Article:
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Date: -- (:)
From: Jacques Le Normand <rathereasy@g...>
Subject: Re: [Caml-list] GADT constructor syntax
see below

On Sat, Dec 4, 2010 at 2:41 PM, Lukasz Stafiniak <lukstafi@gmail.com> wrote:
> Hi! Just a quick answer for now.
>
> On Sat, Dec 4, 2010 at 8:25 PM, Jacques Le Normand <rathereasy@gmail.com> wrote:
>> Dear caml-list,
>> I would like to start a constructive discussion on the syntax of GADT
>> constructors of the ocaml gadt branch, which can be found at:
>>
>> https://sites.google.com/site/ocamlgadt/
>>
>> There are two separate issues:
>>
>> 1) general constructor form
>>
>> option a)
>>
>> type _ t =
>>        TrueLit : bool t
>>      | IntLit of int : int lit
>>
>> option b)
>>
>> type _ t =
>>      TrueLit : bool t
>>    | IntLit : int -> int lit
>>
>> I'm open to other options. The branch has used option b) from the
>> start, but I've just switched to option a) to see what it's like
>
> I like option (a) for consistency with the existing OCaml syntax, and
> while I like option (b) for its conformance to standard notation, I
> don't like your reasons for liking (b) ;-)
>
>
>> I slightly prefer option b), because it makes it clear that it's a
>> gadt constructor right from the start. This is useful because the type
>> variables in gadt constructors are independent of the type parameters
>> of the type, consider:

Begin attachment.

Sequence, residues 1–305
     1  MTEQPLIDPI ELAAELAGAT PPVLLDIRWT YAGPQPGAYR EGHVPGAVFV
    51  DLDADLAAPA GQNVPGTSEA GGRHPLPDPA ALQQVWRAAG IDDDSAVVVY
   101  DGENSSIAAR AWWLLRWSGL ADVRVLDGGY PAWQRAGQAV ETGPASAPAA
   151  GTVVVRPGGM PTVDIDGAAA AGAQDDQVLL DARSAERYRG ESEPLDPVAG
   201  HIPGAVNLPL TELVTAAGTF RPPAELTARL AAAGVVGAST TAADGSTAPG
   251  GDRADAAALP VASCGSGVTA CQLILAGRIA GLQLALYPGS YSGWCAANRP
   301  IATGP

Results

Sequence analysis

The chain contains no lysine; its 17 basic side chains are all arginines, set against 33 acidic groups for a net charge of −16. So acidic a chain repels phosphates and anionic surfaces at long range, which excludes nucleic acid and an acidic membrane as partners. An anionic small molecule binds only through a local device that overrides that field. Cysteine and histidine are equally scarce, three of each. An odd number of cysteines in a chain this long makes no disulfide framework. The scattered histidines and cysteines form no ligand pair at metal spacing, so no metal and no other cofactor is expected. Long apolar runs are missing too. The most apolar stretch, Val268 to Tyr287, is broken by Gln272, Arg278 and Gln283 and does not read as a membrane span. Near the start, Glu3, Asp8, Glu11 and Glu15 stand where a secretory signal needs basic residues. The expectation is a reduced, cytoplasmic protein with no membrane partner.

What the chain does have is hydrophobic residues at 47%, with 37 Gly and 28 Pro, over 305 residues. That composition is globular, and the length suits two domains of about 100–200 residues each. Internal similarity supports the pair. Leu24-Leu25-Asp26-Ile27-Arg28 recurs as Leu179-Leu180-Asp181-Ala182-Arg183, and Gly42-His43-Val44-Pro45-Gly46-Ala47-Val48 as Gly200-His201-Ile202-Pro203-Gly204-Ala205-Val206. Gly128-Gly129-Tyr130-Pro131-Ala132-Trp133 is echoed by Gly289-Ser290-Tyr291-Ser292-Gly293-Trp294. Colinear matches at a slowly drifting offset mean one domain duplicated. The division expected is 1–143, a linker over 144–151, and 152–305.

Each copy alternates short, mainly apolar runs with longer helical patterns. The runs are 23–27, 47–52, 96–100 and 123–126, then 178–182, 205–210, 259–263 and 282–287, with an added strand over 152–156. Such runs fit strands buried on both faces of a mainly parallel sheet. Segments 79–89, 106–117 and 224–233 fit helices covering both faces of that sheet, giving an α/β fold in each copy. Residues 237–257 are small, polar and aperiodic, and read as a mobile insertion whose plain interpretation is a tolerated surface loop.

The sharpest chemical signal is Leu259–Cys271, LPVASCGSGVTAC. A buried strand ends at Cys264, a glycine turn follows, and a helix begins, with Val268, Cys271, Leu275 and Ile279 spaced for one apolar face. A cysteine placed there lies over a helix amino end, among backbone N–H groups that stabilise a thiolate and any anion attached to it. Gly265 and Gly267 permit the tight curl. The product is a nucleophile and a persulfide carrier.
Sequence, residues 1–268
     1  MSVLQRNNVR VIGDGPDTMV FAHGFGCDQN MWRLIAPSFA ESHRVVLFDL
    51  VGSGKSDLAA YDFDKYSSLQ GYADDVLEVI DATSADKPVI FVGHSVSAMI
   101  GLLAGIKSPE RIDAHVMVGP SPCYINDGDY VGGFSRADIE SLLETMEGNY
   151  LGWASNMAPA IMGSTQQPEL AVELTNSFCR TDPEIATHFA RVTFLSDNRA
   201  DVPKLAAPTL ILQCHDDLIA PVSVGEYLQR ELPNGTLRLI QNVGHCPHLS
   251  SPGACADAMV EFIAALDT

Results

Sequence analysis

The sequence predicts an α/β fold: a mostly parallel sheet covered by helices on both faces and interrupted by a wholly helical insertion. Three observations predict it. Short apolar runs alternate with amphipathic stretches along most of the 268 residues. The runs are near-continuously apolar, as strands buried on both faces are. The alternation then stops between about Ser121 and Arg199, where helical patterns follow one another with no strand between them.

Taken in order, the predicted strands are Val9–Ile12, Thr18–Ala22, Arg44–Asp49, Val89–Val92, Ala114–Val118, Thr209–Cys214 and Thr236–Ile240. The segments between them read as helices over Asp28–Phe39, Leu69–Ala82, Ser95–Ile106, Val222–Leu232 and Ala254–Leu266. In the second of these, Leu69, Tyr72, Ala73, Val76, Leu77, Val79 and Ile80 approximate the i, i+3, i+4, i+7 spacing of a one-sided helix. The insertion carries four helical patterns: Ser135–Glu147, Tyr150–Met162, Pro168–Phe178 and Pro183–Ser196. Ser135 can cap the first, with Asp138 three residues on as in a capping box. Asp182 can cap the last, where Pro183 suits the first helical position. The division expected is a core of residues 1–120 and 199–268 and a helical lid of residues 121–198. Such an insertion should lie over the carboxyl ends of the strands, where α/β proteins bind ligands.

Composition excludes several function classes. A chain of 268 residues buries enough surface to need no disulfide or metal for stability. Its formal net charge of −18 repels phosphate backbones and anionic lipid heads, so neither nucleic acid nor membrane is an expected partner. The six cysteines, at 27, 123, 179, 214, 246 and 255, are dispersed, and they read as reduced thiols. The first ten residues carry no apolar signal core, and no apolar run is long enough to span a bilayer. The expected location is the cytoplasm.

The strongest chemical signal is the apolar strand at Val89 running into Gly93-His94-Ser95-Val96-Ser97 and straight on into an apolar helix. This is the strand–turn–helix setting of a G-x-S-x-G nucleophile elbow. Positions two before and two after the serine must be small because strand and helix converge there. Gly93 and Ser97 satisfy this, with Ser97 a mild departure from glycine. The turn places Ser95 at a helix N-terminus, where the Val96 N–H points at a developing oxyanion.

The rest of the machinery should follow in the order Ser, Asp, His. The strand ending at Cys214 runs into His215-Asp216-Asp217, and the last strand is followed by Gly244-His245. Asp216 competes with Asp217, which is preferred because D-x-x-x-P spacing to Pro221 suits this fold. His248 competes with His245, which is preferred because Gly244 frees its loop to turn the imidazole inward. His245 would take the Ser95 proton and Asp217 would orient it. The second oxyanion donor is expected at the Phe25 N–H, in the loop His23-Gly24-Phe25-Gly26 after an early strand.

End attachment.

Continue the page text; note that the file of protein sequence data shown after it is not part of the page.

>>
>> type 'a t = Foo of 'a : 'b t
>>
>> this, counter intuitively, creates a constructor Foo of type forall 'd
>> 'e. 'd t -> 'e t.
>
> I think that the scope should propagate, i.e. that somehow the 'a
> should really be bound, giving
>
> Foo : forall 'a . 'a t -> 'a t

having

type 'a t = Foo of 'a : 'b t

creating a constructor of type forall 'a. 'a -> 'a t is really
confusing since the user explicitly gave the return type of the
constructor as 'b t.

>
>> 2) explicit quantification of existential variables
>
> I don't even like the problem formulation. I think that existential
> variables should not be differentiated from universal variables. (So I
> think I like what you don't like about the Haskell solution).
>>
>> option a)
>>
>> leave existential variables implicitly quantified. For example:
>>
>> type _ u = Bar of 'a t : u
>> or
>> type _ u = Bar :  'a t -> u
>>
>> option b)
>>
>> specifically quantify existential variables. For example:
>>
>> type _ u = Bar of 'a. 'a t : u
>> or
>> type _ u = Bar : 'a. 'a t -> u
>>
>> Currently, the branch uses option a).
>
> For me, it is a question for _all_ variables whether be implicitly or
> explicitly quantified...
>
>> I) the scope of the explicitly quantified variable is not clear. For
>> example, how do you interpret:
>>
>> type _ u = Bar of 'a. 'a : 'a t
>> or
>> type _ u = Bar : 'a. 'a -> 'a t
>>
>> In one interpretation bar has type forall 'a 'b. 'a -> 'b t and in
>> another interpretation it has type forall 'a. 'a -> 'a t.
>
> Of course the "forall 'a. 'a -> 'a t" as far as I'm concerned!
>
>> II)
>>
>> In the example of option b), the 'a variable is quantified as a
>> universal variable but, in patterns, it is used as an existential
>> variable. This is something I found very confusing in Haskell where
>> they actually use the 'forall' keyword.
>
> It often happens in logic! You have two sides of the turnstyle...
>
> I'm sorry if I sounded harsh, not my intention!
>
> Best Regards.
>